Dec. 27, 2012 – The parents of a Milwaukee student who drowned on a school field trip recently lost in the U.S. Court of Appeals for the Seventh Circuit, which ruled that school administrators did not deprive the student of his life in violation of due process.
The principal and assistant principal of Roosevelt Middle School, part of the Milwaukee Public School District, planned a field trip to a lake in the Kettle Moraine State Forest for the school’s seventh graders. Notices sent to parents asked for permission to let their children swim.
The school district’s rules prohibited swimming on field trips unless a lifeguard was present. Although no lifeguard was present at the lake, the children were allowed to swim. Kamonie Slade, who was 12 years old, was unable to stay afloat in deeper water and drowned.
The estate and Slade’s parents filed a federal civil action for deprivation of rights under 42 U.S.C. § 1983, alleging the acts of the school administrators deprived Kamonie of his life in violation of the Fourteenth Amendment to the U.S. Constitution (due process clause).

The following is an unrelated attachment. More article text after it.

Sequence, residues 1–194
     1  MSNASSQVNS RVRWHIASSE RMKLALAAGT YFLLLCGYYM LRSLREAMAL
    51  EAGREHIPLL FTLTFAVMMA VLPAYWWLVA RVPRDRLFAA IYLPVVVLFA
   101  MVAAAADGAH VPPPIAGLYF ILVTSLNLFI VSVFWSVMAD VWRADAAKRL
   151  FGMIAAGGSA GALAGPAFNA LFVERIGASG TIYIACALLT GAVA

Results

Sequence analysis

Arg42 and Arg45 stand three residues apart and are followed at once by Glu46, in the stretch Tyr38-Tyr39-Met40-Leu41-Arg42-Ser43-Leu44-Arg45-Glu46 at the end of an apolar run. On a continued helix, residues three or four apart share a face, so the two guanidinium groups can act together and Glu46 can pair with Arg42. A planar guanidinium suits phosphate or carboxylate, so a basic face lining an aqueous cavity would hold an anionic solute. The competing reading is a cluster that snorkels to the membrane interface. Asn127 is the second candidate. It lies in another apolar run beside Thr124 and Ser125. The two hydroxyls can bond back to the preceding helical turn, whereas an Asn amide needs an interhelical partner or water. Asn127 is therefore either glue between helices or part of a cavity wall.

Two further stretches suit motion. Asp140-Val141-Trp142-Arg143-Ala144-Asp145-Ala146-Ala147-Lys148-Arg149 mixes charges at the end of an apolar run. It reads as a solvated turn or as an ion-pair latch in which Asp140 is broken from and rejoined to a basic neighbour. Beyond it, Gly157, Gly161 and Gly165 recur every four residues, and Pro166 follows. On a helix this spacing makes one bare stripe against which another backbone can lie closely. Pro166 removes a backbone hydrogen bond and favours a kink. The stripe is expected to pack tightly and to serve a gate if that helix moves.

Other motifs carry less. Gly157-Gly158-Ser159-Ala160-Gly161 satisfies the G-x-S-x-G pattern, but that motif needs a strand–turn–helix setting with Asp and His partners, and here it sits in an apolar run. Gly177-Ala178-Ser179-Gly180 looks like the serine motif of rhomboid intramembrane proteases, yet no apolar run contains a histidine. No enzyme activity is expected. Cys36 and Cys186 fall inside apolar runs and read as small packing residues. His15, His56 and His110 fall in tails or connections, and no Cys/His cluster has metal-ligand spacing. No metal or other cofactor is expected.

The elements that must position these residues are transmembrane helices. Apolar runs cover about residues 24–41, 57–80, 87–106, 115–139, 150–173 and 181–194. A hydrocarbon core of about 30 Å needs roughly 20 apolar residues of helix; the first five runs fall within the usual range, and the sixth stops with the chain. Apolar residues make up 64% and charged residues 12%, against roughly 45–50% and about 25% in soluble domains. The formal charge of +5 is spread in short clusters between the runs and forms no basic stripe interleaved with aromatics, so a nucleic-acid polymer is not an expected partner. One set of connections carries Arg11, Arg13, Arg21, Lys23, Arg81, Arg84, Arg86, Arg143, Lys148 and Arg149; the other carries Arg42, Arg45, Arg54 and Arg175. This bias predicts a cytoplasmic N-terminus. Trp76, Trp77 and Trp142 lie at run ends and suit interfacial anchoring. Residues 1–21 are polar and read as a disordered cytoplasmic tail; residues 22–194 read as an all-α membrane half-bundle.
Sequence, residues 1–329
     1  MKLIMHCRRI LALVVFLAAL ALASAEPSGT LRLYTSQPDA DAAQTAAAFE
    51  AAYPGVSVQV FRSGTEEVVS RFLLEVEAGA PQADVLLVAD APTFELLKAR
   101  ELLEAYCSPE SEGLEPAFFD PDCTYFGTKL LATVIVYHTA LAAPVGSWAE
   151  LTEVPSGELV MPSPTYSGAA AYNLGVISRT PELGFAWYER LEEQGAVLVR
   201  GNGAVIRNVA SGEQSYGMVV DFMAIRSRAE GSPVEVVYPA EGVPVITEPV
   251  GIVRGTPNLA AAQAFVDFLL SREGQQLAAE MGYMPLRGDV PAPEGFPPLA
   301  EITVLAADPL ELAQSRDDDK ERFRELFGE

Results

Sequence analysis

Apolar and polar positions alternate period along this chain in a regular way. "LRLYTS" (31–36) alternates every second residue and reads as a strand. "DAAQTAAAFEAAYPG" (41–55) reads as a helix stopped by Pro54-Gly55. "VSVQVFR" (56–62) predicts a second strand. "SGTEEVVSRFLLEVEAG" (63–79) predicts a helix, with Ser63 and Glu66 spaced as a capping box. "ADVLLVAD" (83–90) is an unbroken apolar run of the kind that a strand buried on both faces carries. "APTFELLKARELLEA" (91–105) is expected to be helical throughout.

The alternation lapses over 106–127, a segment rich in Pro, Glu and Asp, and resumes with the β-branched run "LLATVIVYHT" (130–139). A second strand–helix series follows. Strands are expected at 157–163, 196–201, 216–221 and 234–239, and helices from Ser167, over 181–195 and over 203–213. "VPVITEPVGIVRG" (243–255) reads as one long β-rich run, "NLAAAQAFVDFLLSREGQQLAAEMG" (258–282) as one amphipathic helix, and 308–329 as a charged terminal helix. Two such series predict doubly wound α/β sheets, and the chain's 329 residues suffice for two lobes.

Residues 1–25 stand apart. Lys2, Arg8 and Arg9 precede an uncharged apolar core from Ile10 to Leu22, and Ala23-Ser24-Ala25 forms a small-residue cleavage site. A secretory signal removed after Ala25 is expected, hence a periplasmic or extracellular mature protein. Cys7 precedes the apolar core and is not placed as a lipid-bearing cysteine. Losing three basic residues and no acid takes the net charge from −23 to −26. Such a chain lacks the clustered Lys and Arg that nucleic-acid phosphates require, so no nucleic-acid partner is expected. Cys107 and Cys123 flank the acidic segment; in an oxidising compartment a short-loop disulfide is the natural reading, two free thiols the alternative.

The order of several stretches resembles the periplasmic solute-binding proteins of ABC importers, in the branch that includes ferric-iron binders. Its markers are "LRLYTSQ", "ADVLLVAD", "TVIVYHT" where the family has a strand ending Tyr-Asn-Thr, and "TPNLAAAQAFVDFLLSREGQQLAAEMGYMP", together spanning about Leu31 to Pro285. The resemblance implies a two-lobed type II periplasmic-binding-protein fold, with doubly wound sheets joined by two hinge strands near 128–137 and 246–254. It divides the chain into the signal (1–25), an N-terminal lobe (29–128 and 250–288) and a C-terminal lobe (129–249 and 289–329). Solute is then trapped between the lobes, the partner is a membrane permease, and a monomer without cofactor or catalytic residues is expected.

The U.S. District Court for the Eastern District of Wisconsin granted summary judgment in favor of the school administrators. The three-judge appeals panel recently affirmed.
However, the panel noted that the estate and parents may have a state law tort claim, even though Wisconsin caps the tort liability of public employees at $50,000 per victim.
“That would make the plaintiffs’ maximum recovery on their state law claims for wrongful death and loss of consortium $150,000, which is meager in the circumstances but of course beyond our control,” wrote Judge Richard Posner for the three-judge panel.
While exploring the liability standard in deprivation cases, the panel ruled that negligence, or even gross negligence, does not serve as a basis for liability in due process cases.
“A state does not deprive a person of life in violation of the Fourteenth Amendment merely by failing to prevent his dying, but does violate the amendment if the death was caused by the reckless act” of a state employee acting within the scope of employment, Judge Posner wrote.
The school administrators may have been negligent, the panel ruled, but they were not “reckless.” Judge Posner noted that the school administrators did take some steps to ensure the safety of the students swimming, and did not know Kamonie was a poor swimmer.
Joe Forward is the legal writer for the State Bar of Wisconsin.